Yukon palaeontology program helps reveal Mysteries of the Mastodon in important new study

Yukon palaeontology program helps reveal Mysteries of the Mastodon in important new study

The Government of Yukon’s palaeontology program has helped co-author the first large-scale genetic study of American mastodons being published in the prestigious scientific journal Nature Communications.

To mark the release of the article, the Yukon Beringia Interpretive Centre along with the American Museum of Natural History will be hosting an online panel discussion with lead scientist and author Dr. Emil Karpinski, Yukon palaeontologist Dr. Grant Zazula and other collaborators. Entitled Mysteries of the Mastodon, the discussion will highlight Yukon’s role as a key site for the study of responses and adaptations to climate in prehistoric animal populations.

Recognizable for their tusks and muscular trunks, the mastodon was one of the largest mammals on earth during the ice age. Roaming from present-day Yukon and Alaska to as far south as Mexico, the species went extinct approximately 11,000 years ago.

By examining DNA preserved in fossilized teeth, tusks and bones from these ancient creatures, including specimens from the Old Crow and Dawson City areas, the international team of scientists found that ice age American mastodons migrated northward to the Arctic multiple times in the past in response to dramatic global warming events of the ice age.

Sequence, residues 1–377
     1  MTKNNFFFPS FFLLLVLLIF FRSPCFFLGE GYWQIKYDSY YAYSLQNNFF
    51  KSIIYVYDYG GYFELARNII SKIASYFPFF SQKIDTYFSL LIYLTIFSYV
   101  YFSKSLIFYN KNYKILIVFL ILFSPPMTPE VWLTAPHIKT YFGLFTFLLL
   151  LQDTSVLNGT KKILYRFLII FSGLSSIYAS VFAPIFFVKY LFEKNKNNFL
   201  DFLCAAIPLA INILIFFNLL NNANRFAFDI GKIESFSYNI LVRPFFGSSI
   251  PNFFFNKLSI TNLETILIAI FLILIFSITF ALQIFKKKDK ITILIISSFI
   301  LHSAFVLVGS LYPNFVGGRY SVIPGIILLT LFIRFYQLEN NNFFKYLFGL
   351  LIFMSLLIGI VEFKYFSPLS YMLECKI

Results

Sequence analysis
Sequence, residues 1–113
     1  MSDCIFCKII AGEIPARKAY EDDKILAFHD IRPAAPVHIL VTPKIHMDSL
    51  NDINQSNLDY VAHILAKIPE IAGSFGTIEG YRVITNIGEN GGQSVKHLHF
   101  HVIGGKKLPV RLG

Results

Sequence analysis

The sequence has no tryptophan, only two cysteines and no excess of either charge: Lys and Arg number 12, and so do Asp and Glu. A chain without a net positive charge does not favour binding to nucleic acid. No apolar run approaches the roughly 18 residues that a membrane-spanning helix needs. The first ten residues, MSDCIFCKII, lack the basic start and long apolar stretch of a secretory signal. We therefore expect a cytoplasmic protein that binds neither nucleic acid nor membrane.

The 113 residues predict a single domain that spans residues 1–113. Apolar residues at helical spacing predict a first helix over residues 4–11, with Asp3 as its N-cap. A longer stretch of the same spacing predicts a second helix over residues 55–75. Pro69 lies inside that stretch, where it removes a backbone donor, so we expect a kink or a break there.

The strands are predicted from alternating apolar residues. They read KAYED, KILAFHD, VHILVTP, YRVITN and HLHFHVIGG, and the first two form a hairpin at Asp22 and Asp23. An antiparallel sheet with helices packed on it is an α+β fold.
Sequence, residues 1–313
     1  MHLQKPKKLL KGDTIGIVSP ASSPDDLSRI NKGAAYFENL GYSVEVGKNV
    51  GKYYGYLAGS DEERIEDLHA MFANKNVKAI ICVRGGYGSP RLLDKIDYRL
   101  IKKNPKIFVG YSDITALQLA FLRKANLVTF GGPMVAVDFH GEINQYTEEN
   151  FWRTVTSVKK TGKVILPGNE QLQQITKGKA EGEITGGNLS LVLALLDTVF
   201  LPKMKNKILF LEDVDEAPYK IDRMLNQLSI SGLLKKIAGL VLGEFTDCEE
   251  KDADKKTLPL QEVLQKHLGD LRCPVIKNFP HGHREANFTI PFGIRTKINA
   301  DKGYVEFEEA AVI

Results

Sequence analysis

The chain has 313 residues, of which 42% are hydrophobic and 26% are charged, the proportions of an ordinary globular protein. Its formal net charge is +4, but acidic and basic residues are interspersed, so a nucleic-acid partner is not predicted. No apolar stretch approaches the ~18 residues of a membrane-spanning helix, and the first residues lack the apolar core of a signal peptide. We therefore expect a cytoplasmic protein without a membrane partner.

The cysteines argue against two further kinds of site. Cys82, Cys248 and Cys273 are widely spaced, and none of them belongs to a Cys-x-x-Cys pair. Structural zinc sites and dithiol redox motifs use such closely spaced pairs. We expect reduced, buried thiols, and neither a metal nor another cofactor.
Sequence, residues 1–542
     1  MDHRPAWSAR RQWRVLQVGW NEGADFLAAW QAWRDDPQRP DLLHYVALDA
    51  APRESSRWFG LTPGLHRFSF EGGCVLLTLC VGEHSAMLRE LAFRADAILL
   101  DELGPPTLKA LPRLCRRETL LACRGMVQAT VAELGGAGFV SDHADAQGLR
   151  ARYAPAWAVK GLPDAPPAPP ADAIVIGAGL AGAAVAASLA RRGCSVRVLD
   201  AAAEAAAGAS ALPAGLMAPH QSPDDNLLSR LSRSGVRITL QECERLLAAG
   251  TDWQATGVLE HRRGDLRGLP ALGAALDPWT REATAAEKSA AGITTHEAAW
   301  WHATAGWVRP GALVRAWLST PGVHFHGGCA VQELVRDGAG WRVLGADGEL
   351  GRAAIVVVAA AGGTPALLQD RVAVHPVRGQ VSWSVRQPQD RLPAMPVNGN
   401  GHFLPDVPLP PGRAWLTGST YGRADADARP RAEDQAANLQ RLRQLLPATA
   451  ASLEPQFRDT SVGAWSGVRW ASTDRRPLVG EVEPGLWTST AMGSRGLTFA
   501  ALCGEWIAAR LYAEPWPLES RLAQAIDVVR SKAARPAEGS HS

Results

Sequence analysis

For more information and to participate in the event, visit the Yukon Beringia Interpretive Centre’s Facebook page.

This study is another great example of the significance of the Yukon Palaeontology Program’s research. With our outstanding fossil records and knowledgeable and dedicated team, Yukon continues to be a leader in Beringia and ice age research.

Minister of Tourism and Culture Jeanie Dendys

The pattern of ice age animals moving northward when climates warmed up is very similar to what we are observing with present-day wildlife. Yukon’s fossil record of American mastodons provides valuable perspective to climatically-driven movements of animals into the North.

Yukon palaeotonolgist Dr. Grant Zazula

Quick facts 
  • This paper was a collaboration between scientists across Canada, Mexico, Australia, and the United States.

  • Previous research from Yukon's palaeontology program developed the original idea for this genetic study and provided several fossils of mastodons that are part of the Government of Yukon fossil collections.

  • This is the first large-scale genetic study of American mastodons, understanding the migration paths of mastodons and their response to climate change.

  • Today at 10 a.m., the Yukon Beringia Interpretive Centre (YBIC) will be hosting online a panel discussion with the contributing authors live on the YBIC Facebook page.


Janine Workman
Cabinet Communications

Keshah Austin
Communications, Tourism and Culture

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